I bought another enlarger. It’s an Opemus 5 made in Czechoslovakia probably in the 1970s. Now I can print pictures taken with my Hasselblad on 120 film.
While testing the enlarger I made a print that I was quite pleased with. It was sharp with a nice bokéh and had rich blacks and clear details. But how does the analog print compare to a digital one? If you also need a digital image, should you scan the negative or the silver gelatin print?
My scanner (CanoScan 9000F) is not the best possible film scanner but it produces decent images. I scanned the same image from the negative and from the darkroom print and adjusted them to look as similar as possible.
This is the scan from the negative:
This is the scan from the silver gelatin print:
There is not much difference. You can get a decent digital image both ways. Dust removal is an issue in both cases. I found that the print scan needed a bit more work removing the dust.
For this picture, I wanted the background to be almost completely black. The original negative has more detail in the background and if I had wanted to show that in the digital image, it probably would have been easier to do with the negative scan. The analog print would have required more dodging and burning in the darkroom.
But what if you want to have the picture on paper? I also have an Epson Stylus Photo inkjet printer that can print decent pictures. I printed out the image scanned from the negative and compared that with the silver gelatin print. It doesn’t make sense to rescan the prints and show them here but what I found out was:
- The bokéh areas of the inkjet print seem to have some digital noise. Those look better in the silver gelatin print.
- The white of the silver gelatin print looks brighter.
- Both prints have rich black. The black from the inkjet printer looks even a bit darker but not pure black.
- The inkjet produces grey tones through mixing colors. If you look at the output in a tungsten light indoors it may not be so apparent but if you look at the pictures (inkjet vs. silver gelatin) side by side in the daylight, the difference is very clear. The darkroom print is truely monochrome while the inkjet print has a greenish tint. Certainly the inkjet output can be improved through color calibration but I think that the silver gelatin paper can outperform any amateur-level inkjet printer for b/w pictures.
- Probably related to the monochrome nature of the silver gelatin paper, the details in a b/w picture look sharper than from the inkjet.
Conclusion: I will continue scanning my negatives and happily share the scans online. But if I have a shot that I really like and want to hang on my wall, I will setup my darkroom and spend a lovely afternoon smelling the chemicals 🙂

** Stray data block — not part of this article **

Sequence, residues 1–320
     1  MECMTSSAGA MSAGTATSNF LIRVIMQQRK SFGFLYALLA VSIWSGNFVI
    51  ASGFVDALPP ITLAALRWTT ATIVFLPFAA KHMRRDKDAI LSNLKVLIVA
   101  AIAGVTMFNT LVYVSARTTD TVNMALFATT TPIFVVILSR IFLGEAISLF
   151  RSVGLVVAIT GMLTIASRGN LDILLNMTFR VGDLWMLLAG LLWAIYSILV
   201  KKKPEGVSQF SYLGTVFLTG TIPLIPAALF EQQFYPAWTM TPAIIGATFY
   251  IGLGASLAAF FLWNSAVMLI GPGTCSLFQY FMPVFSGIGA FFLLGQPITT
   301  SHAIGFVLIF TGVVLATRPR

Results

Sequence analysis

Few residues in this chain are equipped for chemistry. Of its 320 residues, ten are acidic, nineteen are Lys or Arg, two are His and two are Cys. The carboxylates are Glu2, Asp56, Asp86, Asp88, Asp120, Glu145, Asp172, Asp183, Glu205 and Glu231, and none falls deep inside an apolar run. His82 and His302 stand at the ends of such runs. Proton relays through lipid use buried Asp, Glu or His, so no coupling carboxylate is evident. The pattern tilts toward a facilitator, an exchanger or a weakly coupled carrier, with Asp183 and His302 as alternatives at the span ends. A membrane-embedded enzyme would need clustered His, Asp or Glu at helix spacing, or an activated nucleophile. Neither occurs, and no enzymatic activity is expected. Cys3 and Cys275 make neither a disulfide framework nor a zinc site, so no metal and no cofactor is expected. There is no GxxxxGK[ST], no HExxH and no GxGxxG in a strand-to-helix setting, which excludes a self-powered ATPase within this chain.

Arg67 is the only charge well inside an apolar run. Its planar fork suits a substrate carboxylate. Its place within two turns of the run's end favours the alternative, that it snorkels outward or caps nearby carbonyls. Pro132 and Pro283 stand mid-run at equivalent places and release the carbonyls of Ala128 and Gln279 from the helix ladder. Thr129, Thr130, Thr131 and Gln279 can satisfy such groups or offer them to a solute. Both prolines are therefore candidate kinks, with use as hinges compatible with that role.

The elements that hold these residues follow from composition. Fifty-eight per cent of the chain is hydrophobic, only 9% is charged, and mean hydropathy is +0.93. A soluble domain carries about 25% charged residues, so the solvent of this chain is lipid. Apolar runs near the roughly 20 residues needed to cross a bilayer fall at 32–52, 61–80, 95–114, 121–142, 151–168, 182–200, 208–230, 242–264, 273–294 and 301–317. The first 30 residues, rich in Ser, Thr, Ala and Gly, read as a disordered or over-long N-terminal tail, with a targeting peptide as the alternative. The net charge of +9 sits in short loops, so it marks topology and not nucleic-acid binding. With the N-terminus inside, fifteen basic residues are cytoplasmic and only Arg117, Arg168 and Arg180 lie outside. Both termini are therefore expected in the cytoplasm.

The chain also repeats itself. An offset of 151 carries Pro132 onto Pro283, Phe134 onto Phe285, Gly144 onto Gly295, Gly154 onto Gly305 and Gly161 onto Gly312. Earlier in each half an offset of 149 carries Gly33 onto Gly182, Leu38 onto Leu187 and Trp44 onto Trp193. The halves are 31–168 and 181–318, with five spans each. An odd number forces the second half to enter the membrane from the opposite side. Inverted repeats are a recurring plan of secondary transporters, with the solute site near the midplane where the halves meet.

(The picture was taken with Hasselblad 500C using a Carl Zeiss Planar 100 mm lens at f/3.5 on Kodak Tri-X 400. The film was developed in D-76 stock solution.)
I needed a dodge tool for some printing in the darkroom. I could have just cut some shape from a piece of cardboard and paint it black but then I started thinking that maybe I could make several templates for further use.
A dodge tool needs to be black from the other side to prevent reflecting light from affecting the print. Instead of painting some cardboard black, I decided to use my laser printer. I made some templates in Photoshop for different shapes of dodging and printed them out. I’m sharing them here in case anyone else finds them useful.
Firstly, download the PDF file that contains my templates.
Print out the page that seems to have the shape you need.
Glue the laser printer output on a piece of cardboard.
Cut out the shape you want.
Bend some steel wire to make a handle.
Make holes to the cardboard and insert the steel wire.
Apply some tape to secure the steel wire handle.
Fix any white showing on the black side using a black marker pen.
Take your new dodging tool to the darkroom and make some great prints 🙂
The wife was out of town. Time to have some fun in the darkroom.
After you start developing film and get bored of scanning, what do you do? Of course, you buy an enlarger and some trays and stuff and start turning your bathroom into a darkroom.
After successfully developing some rolls of B&W film, I wanted to try something new.
It was time to get my hands on developing color film.
Google and YouTube really are your friends if you want to learn something new. I watched videos people who had successfully developed their own color film and decided to try it out myself.
It was autumn and the colors were just shouting to try out some Portra 400.
So I purchased a C41 kit and mixed the chemicals. This picture is from my first roll of self-developed color film:
With the modern C41 kits the developing really isn’t that different from B&W. The only issue is to get the temperature exactly right (100F, 37.8C). This took me a while in the first attempt but the pictures turned out great.
I am a big fan of DIY. Whether it is related to home renovations, woodworking, software, electronics or anything else that I am interested in.
That is why sending the exposed film to a photo lab for developing did not feel satisfactory. I wanted to do that part myself.
Unfortunately I had trashed my film developing equipment during moving between homes. After some consideration I came to the conclusion that I want to develop film again. Even though film processing equipment is not as widely available as 20+ years ago, it still is. Both online and also in some local photography shops.
So off I was to buy a developing tank and chemicals. The first time loading a film to the reel in the dark bathroom made me a bit nervous but I was able to succeed.
Developer, stop, fixer, washing. It felt amazingly routine after 25 years. And opening the tank after the fixing and seeing the developed negatives felt as wonderful as it always used to do in my youth.
Slowing down. Thinking. Succeeding. Feeling good about it.